Ten Tips for Agile Testing

This is an copy of an article I wrote last year for the Agile Development Magazine, it was published in summer 2007. Since that time we changed and improved ourselve, but I will discuss that later.

Two years ago I started as test manager on a J2EE project. The project team had switched from a waterfall approach to an agile approach with Scrum a few months earlier. The first question the project manager asked me was, “Can you write a test plan for our first release?”

I quickly produced a project test plan that called for a test phase of a few months and a separate test team. It came complete with a capacity calculation per week for the testers, a MS-project document, and a matrix with all the quality attributes and the effort we should spent to test every attribute. What a mistake!

Two years later, we’ve learned a great deal about agile testing. This article presents ten tips for agile testing based on our experience. However, don’t expect to find the perfect test approach for your company or software project in this article. That is still something you will have to find out yourself!

Integrate the testers in the development teams
Teams are responsible for delivering software that meets expected requirements and quality. However, if we want teams to test the software, we must give them the knowledge to do it right. Testers have that knowledge. By integrating testers into the development teams, teams obtain the skills they need to test their software. When you try this, make sure you choose the right mix: one tester on three programmers is a fair but minimal number.

Use risk based testing
You can never test everything with the same (extensive) depth; even in a waterfall project you have to make choices. In an agile project all the activities are time boxed so you have to make choices about how extensively you want to test each feature. We use a risk based approach to determine which test activities we are going to carry out for a feature during the iteration. The risk level of every feature is determined by the customer and the teams. It is a very transparent process so the customer knows exactly which test activities are executed for every feature.

Have testers review unit tests
In our organization the developers are responsible for creating and maintaining the unit tests. Unit tests are a very important part of our test harness. Developers often have a different way of thinking; for example, they tend to test only the success scenario.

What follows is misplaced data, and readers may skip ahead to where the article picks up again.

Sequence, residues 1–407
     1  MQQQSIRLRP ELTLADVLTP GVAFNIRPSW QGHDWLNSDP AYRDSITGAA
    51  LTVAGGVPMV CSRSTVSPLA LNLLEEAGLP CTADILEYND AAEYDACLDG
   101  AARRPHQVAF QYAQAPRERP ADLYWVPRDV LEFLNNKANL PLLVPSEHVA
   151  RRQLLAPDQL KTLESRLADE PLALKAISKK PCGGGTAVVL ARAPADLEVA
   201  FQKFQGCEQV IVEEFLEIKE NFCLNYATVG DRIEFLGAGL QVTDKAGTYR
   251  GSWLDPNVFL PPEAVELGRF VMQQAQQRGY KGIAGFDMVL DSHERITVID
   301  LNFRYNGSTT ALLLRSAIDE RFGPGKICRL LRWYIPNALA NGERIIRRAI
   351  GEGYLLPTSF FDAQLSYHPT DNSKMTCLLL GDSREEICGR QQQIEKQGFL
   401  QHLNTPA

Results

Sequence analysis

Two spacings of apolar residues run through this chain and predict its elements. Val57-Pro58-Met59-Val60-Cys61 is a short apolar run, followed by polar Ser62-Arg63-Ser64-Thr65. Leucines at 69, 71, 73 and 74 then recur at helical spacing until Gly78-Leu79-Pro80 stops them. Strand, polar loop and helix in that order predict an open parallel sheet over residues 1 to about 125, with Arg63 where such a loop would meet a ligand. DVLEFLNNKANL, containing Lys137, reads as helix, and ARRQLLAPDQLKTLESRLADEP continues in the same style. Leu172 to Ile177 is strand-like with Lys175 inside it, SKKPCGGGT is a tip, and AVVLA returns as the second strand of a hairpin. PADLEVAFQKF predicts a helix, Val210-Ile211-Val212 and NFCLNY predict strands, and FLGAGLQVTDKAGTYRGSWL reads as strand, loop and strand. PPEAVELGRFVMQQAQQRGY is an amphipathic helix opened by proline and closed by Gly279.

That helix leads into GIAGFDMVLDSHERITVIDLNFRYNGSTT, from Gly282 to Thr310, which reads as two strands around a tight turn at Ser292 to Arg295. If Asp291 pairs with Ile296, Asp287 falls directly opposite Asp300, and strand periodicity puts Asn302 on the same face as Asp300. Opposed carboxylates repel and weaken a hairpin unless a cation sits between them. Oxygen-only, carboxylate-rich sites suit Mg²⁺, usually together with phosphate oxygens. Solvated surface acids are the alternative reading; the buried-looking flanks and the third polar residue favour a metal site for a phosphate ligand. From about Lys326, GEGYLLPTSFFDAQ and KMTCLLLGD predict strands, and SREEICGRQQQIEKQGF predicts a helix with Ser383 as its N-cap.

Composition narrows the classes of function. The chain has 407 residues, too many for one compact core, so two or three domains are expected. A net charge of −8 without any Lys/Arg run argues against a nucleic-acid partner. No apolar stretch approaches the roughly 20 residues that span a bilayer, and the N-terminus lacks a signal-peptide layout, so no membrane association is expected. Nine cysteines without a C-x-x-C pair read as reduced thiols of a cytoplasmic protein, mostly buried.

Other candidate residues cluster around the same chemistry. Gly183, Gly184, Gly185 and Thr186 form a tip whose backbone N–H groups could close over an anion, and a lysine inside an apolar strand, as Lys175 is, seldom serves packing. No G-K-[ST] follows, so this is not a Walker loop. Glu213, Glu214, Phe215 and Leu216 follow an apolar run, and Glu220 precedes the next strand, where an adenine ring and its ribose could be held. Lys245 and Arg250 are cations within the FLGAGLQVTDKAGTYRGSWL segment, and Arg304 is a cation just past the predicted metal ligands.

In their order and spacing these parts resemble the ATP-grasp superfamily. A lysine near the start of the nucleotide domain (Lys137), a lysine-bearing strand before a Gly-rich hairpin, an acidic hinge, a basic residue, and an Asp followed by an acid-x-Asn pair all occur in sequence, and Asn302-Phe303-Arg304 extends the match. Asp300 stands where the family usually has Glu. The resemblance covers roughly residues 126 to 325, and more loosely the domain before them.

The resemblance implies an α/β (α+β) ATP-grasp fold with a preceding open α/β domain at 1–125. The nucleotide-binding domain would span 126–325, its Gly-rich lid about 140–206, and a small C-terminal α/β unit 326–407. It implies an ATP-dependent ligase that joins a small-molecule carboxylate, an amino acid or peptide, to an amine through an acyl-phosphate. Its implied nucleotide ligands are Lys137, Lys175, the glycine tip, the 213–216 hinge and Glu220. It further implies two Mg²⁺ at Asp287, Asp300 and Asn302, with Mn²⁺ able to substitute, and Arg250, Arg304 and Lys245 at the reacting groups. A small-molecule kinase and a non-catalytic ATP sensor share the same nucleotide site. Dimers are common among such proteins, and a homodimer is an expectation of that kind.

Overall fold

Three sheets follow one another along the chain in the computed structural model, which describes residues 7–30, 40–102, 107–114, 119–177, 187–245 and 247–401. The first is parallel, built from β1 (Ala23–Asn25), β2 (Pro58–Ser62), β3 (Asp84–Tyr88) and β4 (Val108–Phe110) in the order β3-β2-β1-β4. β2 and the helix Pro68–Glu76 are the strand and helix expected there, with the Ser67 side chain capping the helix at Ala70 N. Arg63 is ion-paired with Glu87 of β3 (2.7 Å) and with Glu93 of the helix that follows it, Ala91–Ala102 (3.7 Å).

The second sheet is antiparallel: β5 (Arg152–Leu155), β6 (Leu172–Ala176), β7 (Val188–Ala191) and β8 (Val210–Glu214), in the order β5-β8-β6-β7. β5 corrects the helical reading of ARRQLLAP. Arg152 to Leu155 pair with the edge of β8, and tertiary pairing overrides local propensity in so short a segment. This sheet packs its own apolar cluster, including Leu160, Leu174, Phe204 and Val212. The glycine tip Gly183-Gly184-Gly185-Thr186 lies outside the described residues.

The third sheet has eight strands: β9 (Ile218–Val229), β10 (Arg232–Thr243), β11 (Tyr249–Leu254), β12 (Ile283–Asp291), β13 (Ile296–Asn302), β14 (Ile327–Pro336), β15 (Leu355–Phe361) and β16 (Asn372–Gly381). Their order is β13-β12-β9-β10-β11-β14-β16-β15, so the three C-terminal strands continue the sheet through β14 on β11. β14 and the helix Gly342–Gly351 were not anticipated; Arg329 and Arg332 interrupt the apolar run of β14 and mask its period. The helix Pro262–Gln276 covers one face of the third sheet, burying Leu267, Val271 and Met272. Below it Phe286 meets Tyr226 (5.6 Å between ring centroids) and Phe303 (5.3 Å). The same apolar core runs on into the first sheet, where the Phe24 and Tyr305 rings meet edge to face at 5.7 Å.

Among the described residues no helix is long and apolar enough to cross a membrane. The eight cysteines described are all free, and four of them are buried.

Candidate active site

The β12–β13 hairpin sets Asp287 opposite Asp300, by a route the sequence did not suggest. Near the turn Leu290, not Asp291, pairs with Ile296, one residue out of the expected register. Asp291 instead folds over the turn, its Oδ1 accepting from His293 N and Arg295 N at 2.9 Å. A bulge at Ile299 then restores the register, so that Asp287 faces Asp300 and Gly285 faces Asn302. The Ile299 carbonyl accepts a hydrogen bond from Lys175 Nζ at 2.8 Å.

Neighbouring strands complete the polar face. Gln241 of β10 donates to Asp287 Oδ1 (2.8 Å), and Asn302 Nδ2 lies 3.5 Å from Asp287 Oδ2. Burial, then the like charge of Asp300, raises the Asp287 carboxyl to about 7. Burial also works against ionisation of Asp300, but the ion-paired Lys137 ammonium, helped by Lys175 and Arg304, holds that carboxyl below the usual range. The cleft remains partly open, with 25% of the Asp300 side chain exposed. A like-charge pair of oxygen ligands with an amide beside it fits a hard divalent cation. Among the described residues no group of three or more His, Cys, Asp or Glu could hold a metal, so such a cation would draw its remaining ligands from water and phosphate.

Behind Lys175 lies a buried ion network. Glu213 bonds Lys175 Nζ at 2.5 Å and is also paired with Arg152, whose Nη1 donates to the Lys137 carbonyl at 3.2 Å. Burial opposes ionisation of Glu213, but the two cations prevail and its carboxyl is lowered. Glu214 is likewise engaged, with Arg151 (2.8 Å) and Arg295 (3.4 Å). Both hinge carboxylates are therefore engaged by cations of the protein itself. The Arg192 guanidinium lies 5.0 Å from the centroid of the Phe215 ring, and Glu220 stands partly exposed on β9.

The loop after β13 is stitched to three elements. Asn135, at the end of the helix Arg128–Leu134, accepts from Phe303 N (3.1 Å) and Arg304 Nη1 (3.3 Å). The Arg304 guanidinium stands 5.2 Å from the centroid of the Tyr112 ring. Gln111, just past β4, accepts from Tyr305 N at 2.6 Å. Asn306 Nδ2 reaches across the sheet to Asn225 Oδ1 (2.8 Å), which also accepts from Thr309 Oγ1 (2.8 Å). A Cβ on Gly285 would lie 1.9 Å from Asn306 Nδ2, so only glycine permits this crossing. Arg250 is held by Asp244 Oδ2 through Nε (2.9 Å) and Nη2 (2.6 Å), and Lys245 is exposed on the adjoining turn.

To create unit tests that are as good as possible, our testers review the unit tests for all our high-risk items. The review has two advantages. First, the unit tests are improved because testers and developers supplement each other: the developer knows where the weak places in the source are, and the tester can use his knowledge of testing to give tips to improve the unit tests. Second, the testers know exactly which test cases are executed in the unit tests and can concentrate on executing other (e.g. higher-level) test cases.

Create a test automation framework and appoint a toolsmith
Automated testing is very important because new features and refactoring can introduce problems that can be difficult to find. By using an automated test framework, we can maintain quality levels during the iteration. Our testers are able to create new tests easily and quickly in the framework. We have a dedicated test engineer (we call him a toolsmith) that maintains and optimizes the test automation framework, reviews the new automated tests of the testers and analyzes the daily test results. Testers in the teams can spend more time creating and extending automated tests because the toolsmith supports them.

Display quality metrics in a public location